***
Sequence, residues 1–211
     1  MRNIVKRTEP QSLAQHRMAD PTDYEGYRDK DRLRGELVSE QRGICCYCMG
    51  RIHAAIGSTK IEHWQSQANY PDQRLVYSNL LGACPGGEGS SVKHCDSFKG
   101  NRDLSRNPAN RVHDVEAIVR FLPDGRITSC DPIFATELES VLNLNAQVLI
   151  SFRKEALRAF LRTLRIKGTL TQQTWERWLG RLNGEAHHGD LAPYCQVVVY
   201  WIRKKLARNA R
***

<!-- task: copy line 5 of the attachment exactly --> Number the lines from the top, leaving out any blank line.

   151  SFRKEALRAF LRTLRIKGTL TQQTWERWLG RLNGEAHHGD LAPYCQVVVY